Mum of two Aisling Gannon has shared the story of raising a trans son on The Ray D’arcy Show. Steve, who is now 11, knew he had been assigned the wrong gender from as young as two and a half years old.
At that age, he asked his mum when he would “get the right privates”. Aisling says that Steve has been “consistent, insistent and persistent” that he was a boy.
“He says he was always a boy, I just thought I had a girl,” Aisling explained.
As he grew up, Steve would throw tantrums when he was given girls swimming togs to wear or if he was doing role play he would be “the brother, the uncle or the dog”.
Aisling sought help, and a psychotherapist told her that Steve was experiencing a gender identity crisis and to try and shop in clothes shops that stocked both boy and girl clothes.
“My older girl, when she was born, by the time she could walk and talk she was the dancing queen as her granny called her. She was pink, she was sparkly, and the second kid came along and wasn’t.”
Steve naturally began gravitating towards boys’ clothes and loved to dress up as superheroes.
“He hadn’t yet turned three, and he had a bike with no stabilisers and used to wear all these dress-up outfits like Spider-Man and Superman,” Aisling said.
“He’d be cycling on this little camouflage bike along the seafront, and I remember, everyone used to say, ‘God isn’t he gorgeous, isn’t he great,’ and everyone just thought he was a boy.”
Aisling commended the staff at Steve’s school for adapting to the needs of her trans son, having Steve as a student even encouraged his teachers to rethink the way they teach. He moved into the boys’ class at school and Aisling said this transition has been mostly positive.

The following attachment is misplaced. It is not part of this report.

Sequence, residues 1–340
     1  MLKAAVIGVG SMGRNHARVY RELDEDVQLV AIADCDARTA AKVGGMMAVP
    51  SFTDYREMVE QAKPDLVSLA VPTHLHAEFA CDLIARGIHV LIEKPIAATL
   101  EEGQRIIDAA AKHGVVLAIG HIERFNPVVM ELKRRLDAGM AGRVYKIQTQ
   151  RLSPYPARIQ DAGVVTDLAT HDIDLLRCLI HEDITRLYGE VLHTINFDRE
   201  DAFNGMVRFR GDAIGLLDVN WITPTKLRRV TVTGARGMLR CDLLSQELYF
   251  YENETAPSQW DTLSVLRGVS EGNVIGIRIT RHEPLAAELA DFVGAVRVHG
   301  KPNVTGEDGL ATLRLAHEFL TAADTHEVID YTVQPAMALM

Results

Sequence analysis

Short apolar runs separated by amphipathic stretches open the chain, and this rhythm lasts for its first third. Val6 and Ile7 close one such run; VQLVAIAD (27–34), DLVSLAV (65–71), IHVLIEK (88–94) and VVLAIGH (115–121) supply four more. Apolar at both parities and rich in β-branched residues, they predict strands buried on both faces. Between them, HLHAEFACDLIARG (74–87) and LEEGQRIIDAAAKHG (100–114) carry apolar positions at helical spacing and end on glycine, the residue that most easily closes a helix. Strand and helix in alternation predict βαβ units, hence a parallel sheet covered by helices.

There was a school play and Steve knew that, his teacher didn’t know where to put him.
“He’s standing in this class in front of her and she says, ‘I’ll never teach like this again.’ Because they used to have a girl line and a boy line to come in from the yard or go out to the yard or to go to the loo or whatever, and she goes, ‘this poor kid doesn’t know what to do.’ She could feel it was becoming a bigger issue.”
Aisling is campaigning to allow trans children like her son to legally change their gender in Ireland. Currently, the Gender Recognition Act only allows trans people over 16 years of age to get a gender recognition certificate.
A report published in 2018 recommended that the “legalistic and medical” gender recognition system currently operating should be replaced with an administrative process.
This includes lifting current restrictions on those under 16 changing gender, meaning under 16 year-olds would be allowed to register change of gender with the consent of their parents without having to go to court.
Courts should only become involved if a parent does not grant consent or if there are concerns about the young person’s mental well being.
Aisling has just been globally recognised as a 2019 LGBT+ Ally Role Model in recognition of her work on workplace diversity and inclusion.
You can listen back to the full interview here.
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